The conventional wisdom — based on the words out of the mouths of David Stern, Billy Hunter and basically everyone who has been in on one of the NBA labor negotiations — is that the two sides are nowhere near a deal. They are finally getting serious about the negotiations, but the sides remain far apart.
Or are they?
Not according to Chris Sheridan — he formerly of ESPN and the Associated Press, one of the better league-wide reporters out there, who has started his own site sheridanhoops.com. (We wish him luck, he’s one of the good ones and you should be reading his stuff.)
Sheridan reports the two sides are closer than you think to a deal.
Yes, under the 10-year collective bargaining agreement the owners have proposed, the gap is indeed somewhere in the area of $7-8 billion range….
Moreover, if you look at years 1, 2 and 3 of the proposals, the sides are a total of $870 million apart. (The players are asking for $2.17 billion in salaries and benefits in 2011-12, $2.33 billion in ’12-13, and $2.42 billion in ’13-14. The owners are offering a flat $2 billion per year.) Or to put it another way, in a business that brought in $4.2 billion in revenues last season, the sides are only $170 million apart for next season….
But here is the key thing, the two most important words to keep in mind as this lockout plays itself out: Aggregate dollars. Right now, the owners have offered the players slightly more than $12 billion in total compensation over the next six seasons. The players are seeking just under $15 billion.
Somewhere in between $12 and $15 billion lies the settlement number, and they’ll get there one way or another.
I want to believe, but….
First off, that is still three billion dollars we are talking about, a healthy chunk of change by even Warren Buffett’s standards. Also, the owners last proposal decoupled league revenue and the salary cap — the players will not stand for that. The players know big television deals are coming and they want a cut.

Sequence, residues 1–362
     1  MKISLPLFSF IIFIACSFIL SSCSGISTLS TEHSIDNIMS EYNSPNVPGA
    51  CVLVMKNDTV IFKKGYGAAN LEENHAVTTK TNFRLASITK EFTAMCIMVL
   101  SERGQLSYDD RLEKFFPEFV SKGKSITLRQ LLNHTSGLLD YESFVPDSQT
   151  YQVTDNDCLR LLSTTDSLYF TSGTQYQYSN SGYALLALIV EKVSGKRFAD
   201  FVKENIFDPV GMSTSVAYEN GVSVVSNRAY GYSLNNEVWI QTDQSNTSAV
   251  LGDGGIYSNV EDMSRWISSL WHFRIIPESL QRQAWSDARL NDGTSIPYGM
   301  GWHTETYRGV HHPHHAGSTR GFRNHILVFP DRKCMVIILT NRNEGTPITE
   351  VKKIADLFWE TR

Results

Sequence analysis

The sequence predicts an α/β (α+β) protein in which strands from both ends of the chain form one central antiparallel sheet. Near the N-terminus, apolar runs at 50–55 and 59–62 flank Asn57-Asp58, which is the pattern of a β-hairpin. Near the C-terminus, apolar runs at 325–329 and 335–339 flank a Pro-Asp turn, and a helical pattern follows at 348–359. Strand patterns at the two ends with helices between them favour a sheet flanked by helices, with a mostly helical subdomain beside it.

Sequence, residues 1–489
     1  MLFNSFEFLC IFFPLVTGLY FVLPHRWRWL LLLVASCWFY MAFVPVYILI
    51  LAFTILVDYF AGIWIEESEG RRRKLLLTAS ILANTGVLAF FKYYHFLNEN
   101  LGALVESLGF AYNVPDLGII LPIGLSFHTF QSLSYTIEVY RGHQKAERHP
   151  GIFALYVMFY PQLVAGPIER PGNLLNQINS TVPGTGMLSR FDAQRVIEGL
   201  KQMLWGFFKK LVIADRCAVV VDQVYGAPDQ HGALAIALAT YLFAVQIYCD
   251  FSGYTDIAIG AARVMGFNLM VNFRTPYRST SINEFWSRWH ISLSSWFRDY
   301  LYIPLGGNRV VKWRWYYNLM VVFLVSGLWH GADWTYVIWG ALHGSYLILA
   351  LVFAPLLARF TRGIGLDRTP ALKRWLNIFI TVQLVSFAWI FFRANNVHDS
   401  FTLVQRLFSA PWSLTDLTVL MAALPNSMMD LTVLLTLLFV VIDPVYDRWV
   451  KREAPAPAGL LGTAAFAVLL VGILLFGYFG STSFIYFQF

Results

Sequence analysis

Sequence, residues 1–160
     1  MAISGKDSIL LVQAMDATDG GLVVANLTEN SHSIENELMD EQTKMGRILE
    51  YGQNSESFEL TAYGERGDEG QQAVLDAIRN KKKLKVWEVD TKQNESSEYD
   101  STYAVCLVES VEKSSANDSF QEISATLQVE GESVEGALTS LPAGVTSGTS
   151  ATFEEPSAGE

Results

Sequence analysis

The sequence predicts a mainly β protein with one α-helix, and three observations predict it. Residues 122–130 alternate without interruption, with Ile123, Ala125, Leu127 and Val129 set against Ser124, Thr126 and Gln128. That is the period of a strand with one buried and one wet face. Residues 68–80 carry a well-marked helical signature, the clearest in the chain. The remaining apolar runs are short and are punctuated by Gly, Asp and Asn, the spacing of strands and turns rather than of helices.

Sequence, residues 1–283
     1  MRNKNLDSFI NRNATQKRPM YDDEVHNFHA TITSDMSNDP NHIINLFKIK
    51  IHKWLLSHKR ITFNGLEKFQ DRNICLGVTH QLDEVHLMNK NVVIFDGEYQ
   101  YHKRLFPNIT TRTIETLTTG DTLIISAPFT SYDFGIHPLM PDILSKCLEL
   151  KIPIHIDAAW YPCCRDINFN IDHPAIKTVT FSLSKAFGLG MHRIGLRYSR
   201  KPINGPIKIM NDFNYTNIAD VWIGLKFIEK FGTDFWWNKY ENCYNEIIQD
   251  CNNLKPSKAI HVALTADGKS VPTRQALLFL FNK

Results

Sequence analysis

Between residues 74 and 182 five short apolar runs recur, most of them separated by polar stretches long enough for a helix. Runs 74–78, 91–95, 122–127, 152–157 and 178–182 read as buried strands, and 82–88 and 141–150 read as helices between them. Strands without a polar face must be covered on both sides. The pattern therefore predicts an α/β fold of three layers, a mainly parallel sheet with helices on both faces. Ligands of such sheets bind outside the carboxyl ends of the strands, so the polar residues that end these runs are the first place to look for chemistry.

The other real question to me is: Who is driving the bus on the owners side? Remember, David Stern works for the owners, he has a lot of power but he works at their discretion. There are some owners out there — small to middle market owners who leveraged themselves to buy these teams in the last decade — who want to radically change the economic landscape of the league right now. So far, the harsh rhetoric and the harsh proposals from Stern have been put out to placate those hard liners.
But how far can Stern come off that line? He’s not coming all the way to the players side, certainly. But how far can he come, and on what timeline can he make those steps? As Sheridan notes, issues like a hard-cap are tricky. Do you think the league — coming off a season of the best television ratings and fan interest since the Jordan era — wants a true hard cap that breaks up the Miami Heat? You may hate the Heat, but you watched them in very large numbers. Is breaking up that trio (or forcing the Lakers and Mavs to break up their teams, or squashing what the Knicks are trying to do in New York) really good for the business of the league? Do the smaller market owners care? Is this something where the transition to a harder cap (stiffer fines for going over a luxury tax number, which is the likely compromise) takes place over five to six years not two to three? And we haven’t even touched yet on getting the owners to agree on a revenue sharing deal.
The players are going to have to give up more than they have given up right now to get a deal done. Their best offer is not on the table yet. Neither is the owners. In that sense, there is room or optimism. But when those offers are down on the table, I’m not convinced the gap is as small as Sheridan suggests. Even if I want to believe he is right.